890603 中国国际广播电台播音报道六四屠杀

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https://www.wuala.com/renyun.net/Topic/8964/1989/0603/

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Siuman ‏@dj007_siuman
@Bark_CheekMark 这个是个很好的素材,如能做专题想必相当精彩!RT @uponsnow:这是美国南加州公益组织“长滩报道”的网站 http://www.lbreport.com  今天首页显示坦克人的画面,并链接他们收藏的中国国际广播电台历史性播音的MP3。
9:42 AM – 4 Jun 12

Special / Hear Him, With Archival Audio: Remembering Tiananmen Square’s Radio “Tankman”

Tankrado

http://www.lbreport.com/news/jun12/beijcast.htm
(June 1, 2012) — As we do each year at this time, LongBeachReport.com / LBReport.com recalls the 1989 work of a courageous Chinese broadcast journalist. It aired 23 years ago (June 3-4).

His shortwave radio broadcast was captured on tape by us as well as by others. It has become part of the history of the events it describes.

Like many Americans, this writer spent much of June 3-4, 1989 watching CNN’s live coverage of events in Beijing’s Tiananmen Square. That night, I wondered how Radio Beijing’s English language shortwave radio broadcast (a one-hour program beamed nightly to North America) would describe those events.

At 9:00 p.m. Pacific Time in the 25 meter shortwave band, I recorded what you can hear on-demand below. Because the radio signals were on shortwave (bouncing off the ionosphere on sometimes slightly differing paths), you’ll hear occasional fading and phase distortion. For reference, the text is transcribed below.

Try to visualize what it must have been like for this man to enter the Chinese government’s broadcast center that day. Tanks were in the streets. The city was under martial law. This man knew what happened to his fellow citizens at Tiananmen Square.

Think of what must have gone through his mind as he wrote the script below, sat down behind a microphone, watched a clock tick-off the seconds to the top of the hour…and spoke words that he hoped the world would hear.

To launch audio, click here

This is Radio Beijing. Please remember June the third, 1989. The most tragic event happened in the Chinese capital, Beijing.

Thousands of people, most of them innocent civilians, were killed by fully armed soldiers when they forced their way into the city. Among the killed are our colleagues at Radio Beijing.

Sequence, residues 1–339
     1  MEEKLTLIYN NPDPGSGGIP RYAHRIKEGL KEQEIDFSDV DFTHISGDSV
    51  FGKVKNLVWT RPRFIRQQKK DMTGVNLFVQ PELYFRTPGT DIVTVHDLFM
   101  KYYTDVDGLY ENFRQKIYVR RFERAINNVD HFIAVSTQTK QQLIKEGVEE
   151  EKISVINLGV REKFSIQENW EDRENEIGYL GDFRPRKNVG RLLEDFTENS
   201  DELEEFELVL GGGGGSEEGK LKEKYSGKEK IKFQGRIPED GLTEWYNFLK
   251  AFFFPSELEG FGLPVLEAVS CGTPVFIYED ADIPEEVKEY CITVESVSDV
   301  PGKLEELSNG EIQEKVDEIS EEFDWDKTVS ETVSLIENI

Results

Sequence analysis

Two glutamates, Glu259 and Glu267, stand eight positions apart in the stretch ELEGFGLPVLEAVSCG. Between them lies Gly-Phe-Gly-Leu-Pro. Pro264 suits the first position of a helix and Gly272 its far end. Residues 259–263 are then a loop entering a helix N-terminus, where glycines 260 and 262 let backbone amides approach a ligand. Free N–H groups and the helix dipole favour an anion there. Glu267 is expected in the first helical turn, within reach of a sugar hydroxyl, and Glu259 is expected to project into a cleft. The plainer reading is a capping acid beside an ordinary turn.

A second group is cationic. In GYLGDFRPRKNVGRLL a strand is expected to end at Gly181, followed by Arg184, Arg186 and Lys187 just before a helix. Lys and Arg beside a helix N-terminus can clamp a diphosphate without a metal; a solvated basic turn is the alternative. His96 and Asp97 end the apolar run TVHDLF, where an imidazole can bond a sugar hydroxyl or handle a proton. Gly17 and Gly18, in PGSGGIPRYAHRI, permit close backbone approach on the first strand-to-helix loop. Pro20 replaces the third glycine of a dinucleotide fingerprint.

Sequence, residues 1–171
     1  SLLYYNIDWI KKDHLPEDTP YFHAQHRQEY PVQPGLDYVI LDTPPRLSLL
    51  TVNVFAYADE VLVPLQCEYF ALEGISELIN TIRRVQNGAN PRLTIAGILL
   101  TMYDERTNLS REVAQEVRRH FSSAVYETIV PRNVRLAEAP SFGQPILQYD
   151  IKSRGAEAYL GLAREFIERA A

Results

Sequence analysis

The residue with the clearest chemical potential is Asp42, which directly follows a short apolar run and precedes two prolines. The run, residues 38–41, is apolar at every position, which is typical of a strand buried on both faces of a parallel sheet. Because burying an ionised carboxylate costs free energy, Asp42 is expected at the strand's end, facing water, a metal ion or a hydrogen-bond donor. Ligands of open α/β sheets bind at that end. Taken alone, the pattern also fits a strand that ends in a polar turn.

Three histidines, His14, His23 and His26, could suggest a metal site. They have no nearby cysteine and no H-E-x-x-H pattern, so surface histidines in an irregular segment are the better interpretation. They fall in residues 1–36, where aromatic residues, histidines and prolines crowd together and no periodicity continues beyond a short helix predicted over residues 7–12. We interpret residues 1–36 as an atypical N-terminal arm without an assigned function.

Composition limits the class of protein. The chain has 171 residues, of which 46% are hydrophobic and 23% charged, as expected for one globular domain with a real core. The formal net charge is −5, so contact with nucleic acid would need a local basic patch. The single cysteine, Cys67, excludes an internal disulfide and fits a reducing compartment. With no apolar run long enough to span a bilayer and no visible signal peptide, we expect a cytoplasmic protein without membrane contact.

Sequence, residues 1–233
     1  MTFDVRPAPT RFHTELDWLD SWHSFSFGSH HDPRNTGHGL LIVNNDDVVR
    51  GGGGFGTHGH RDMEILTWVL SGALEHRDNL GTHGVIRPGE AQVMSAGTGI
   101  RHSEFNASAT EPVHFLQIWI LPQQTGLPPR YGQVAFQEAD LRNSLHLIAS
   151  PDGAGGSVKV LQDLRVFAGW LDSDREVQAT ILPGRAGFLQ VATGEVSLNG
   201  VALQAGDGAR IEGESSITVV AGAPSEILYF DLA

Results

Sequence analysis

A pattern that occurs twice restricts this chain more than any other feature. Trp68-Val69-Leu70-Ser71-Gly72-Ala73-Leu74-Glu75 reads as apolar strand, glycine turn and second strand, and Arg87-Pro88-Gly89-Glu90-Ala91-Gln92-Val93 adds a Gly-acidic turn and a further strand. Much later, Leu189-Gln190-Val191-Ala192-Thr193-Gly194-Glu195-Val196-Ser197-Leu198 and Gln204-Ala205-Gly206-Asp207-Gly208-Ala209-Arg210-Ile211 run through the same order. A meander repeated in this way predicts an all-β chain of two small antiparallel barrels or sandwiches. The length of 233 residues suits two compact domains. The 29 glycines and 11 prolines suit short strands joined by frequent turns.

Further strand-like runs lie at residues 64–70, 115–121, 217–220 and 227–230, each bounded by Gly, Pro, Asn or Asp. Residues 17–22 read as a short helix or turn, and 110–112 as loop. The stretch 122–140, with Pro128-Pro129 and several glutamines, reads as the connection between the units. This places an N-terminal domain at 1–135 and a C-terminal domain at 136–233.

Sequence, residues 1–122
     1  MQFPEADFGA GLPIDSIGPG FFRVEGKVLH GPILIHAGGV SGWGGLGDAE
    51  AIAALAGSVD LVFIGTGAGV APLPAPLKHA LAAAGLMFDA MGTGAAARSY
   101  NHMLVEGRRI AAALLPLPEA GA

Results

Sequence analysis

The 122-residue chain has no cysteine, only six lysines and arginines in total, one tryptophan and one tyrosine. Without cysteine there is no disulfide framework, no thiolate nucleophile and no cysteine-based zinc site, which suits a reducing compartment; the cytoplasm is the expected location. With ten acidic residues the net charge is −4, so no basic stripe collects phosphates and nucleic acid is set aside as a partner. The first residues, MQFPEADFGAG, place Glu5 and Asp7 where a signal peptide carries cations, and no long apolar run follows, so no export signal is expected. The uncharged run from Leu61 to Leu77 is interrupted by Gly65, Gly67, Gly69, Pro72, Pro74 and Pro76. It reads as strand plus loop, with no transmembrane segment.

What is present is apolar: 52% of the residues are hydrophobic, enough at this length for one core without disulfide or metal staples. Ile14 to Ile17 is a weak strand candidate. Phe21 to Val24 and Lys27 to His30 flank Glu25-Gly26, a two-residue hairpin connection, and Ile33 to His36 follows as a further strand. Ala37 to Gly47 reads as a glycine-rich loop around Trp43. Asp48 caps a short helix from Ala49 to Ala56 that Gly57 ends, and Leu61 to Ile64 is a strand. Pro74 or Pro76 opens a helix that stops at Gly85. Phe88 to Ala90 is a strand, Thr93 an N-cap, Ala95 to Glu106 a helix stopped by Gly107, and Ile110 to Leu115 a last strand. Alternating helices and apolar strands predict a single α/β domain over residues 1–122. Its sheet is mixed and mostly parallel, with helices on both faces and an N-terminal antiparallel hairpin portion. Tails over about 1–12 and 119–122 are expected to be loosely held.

The soldiers were riding on armored vehicles and used machine guns against thousands of local residents and students who tried to block their way. When the army convoys made a breakthrough, soldiers continued to spray their bullets indiscriminately at crowds in the street.

Eyewitnesses say some armored vehicles even crushed footsoldiers who hesitated in front of the resisting civilians.

Radio Beijing [sic] English Department deeply mourns those [sic] died in the tragic incident and appeals to all its listeners to join our protest for the gross violation of human rights and the most barbarous suppression of the people.

Because of this abnormal situation here in Beijing, there is no other news we could bring you. We sincerely ask for your understanding and thank you for joining us at this most tragic moment.

In our opinion, this man is the audio counterpart to the visually iconic Tiananmen “Tankman.”

Like the “Tankman,” his fate is uncertain. There are conflicting accounts over who he is and what happened to him.

In our view, it remains for journalists worldwide to find out who he is and to use every opportunity to try and speak with him. We would like to see him acknowledged by name and honored for his work.

We urge our fellow journalists to use every opportunity that may arise with Beijing’s emissaries and apparatchiks, to ask about him, to insist on the opportunity to speak with him…and to find out exactly what happened to him and on whose orders.


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